Rover Opportunity wrapping up study of Martian valley
"Marathon Valley," slicing through a large crater's rim on Mars, has provided fruitful research targets for NASA's Opportunity rover since July 2015, but the rover may soon move on.
|'Marathon Valley' on Mars opens northeastward to a view across the floor of Endeavour Crater in this |
scene from the panoramic camera (Pancam) of NASA's Mars Exploration Rover Opportunity
[Credit: NASA/JPL-Caltech/Cornell Univ./Arizona State Univ.]
Marathon Valley lured the mission because researchers using NASA's Mars Reconnaissance Orbiter had mapped water-related clay minerals at this area of the western rim of Endeavour Crater. The rover team chose the valley's informal name because Opportunity's arrival at this part of the rim coincided closely with the rover surpassing marathon-footrace distance in total driving since its January 2004 Mars landing.
"We are wrapping up our last few activities in Marathon Valley and before long we'll drive away, exiting along the southern wall of the valley and heading southeast," said Opportunity Principal Investigator Steve Squyres, of Cornell University, Ithaca, New York.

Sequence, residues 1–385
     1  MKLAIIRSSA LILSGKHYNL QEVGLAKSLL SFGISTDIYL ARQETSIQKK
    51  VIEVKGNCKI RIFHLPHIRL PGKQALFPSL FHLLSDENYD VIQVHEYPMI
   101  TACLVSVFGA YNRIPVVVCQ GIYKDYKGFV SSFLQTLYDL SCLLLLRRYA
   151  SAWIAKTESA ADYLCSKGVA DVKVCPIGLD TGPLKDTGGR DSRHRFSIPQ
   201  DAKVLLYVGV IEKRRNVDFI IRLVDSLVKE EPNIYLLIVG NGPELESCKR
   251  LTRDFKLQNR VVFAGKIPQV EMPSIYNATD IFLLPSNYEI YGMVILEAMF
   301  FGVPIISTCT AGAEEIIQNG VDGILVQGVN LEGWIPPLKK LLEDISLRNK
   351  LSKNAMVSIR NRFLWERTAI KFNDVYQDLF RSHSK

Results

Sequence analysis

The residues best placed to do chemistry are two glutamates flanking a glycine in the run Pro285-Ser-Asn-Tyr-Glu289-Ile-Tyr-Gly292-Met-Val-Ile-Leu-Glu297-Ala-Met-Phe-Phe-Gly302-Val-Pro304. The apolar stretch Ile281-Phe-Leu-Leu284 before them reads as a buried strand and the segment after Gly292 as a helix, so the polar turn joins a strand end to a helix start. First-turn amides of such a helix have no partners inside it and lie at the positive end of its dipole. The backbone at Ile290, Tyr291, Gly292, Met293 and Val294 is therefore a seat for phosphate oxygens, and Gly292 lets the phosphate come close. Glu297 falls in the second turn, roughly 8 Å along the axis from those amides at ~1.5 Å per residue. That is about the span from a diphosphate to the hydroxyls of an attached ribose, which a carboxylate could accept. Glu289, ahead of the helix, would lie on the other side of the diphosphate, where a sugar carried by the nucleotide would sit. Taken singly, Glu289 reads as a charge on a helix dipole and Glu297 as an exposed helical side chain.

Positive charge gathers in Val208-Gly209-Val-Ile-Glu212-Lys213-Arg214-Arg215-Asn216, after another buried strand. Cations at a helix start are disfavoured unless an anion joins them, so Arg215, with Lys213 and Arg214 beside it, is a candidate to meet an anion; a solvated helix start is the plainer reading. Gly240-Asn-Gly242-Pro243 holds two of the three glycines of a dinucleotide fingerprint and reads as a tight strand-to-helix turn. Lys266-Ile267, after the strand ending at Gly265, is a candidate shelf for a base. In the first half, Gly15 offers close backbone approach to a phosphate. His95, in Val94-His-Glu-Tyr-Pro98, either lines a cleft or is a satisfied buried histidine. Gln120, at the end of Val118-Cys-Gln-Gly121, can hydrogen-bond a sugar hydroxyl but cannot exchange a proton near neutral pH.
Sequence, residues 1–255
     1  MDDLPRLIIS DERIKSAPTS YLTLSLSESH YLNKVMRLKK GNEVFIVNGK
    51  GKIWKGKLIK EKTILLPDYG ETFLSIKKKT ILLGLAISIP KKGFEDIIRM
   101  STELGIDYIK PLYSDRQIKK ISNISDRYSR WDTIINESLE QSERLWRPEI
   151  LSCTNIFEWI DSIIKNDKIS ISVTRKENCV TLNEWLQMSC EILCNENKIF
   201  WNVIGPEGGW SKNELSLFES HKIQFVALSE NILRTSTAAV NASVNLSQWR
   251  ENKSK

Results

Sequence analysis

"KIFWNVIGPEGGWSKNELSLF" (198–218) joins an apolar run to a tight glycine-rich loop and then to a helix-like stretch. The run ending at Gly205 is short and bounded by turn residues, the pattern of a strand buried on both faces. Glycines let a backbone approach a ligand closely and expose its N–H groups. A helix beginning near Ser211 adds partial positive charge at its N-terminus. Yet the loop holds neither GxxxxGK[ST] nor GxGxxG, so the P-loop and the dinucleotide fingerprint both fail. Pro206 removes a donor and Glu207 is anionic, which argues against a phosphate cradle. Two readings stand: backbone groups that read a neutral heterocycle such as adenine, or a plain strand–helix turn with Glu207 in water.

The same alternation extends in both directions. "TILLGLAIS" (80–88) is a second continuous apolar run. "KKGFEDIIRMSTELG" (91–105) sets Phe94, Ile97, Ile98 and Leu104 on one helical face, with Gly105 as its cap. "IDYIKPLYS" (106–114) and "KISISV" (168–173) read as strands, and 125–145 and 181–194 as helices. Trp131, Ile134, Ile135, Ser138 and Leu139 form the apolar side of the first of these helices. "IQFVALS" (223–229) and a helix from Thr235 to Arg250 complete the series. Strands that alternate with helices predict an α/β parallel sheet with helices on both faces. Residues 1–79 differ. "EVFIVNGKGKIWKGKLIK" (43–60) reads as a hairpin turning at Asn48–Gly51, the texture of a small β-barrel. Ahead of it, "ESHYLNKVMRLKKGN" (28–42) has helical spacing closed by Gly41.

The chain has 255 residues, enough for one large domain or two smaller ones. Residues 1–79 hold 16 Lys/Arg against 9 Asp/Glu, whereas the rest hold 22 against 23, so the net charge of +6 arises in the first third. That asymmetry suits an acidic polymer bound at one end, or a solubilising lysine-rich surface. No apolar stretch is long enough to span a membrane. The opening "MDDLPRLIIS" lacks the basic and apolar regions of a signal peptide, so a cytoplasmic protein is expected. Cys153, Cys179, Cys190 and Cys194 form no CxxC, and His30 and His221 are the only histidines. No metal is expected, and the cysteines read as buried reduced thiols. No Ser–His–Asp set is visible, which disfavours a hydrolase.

"What we usually do to investigate material that's captured our interest is find a bedrock exposure of it and use the RAT," Squyres said. "What we didn't realize until we took a close-enough look is that this stuff has been so pervasively altered, it's not bedrock. There's no solid bedrock you could grind with the RAT."
Instead, the rover exposed some fresh surfaces for inspection by scuffing some of the reddish material with a wheel.
"Fractures running through the bedrock, forming conduits through which water could flow and transport soluble materials, could alter the rock and create the pattern of red zones that we see."
Author: Guy Webster | Source: Jet Propulsion Laboratory [June 15, 2016]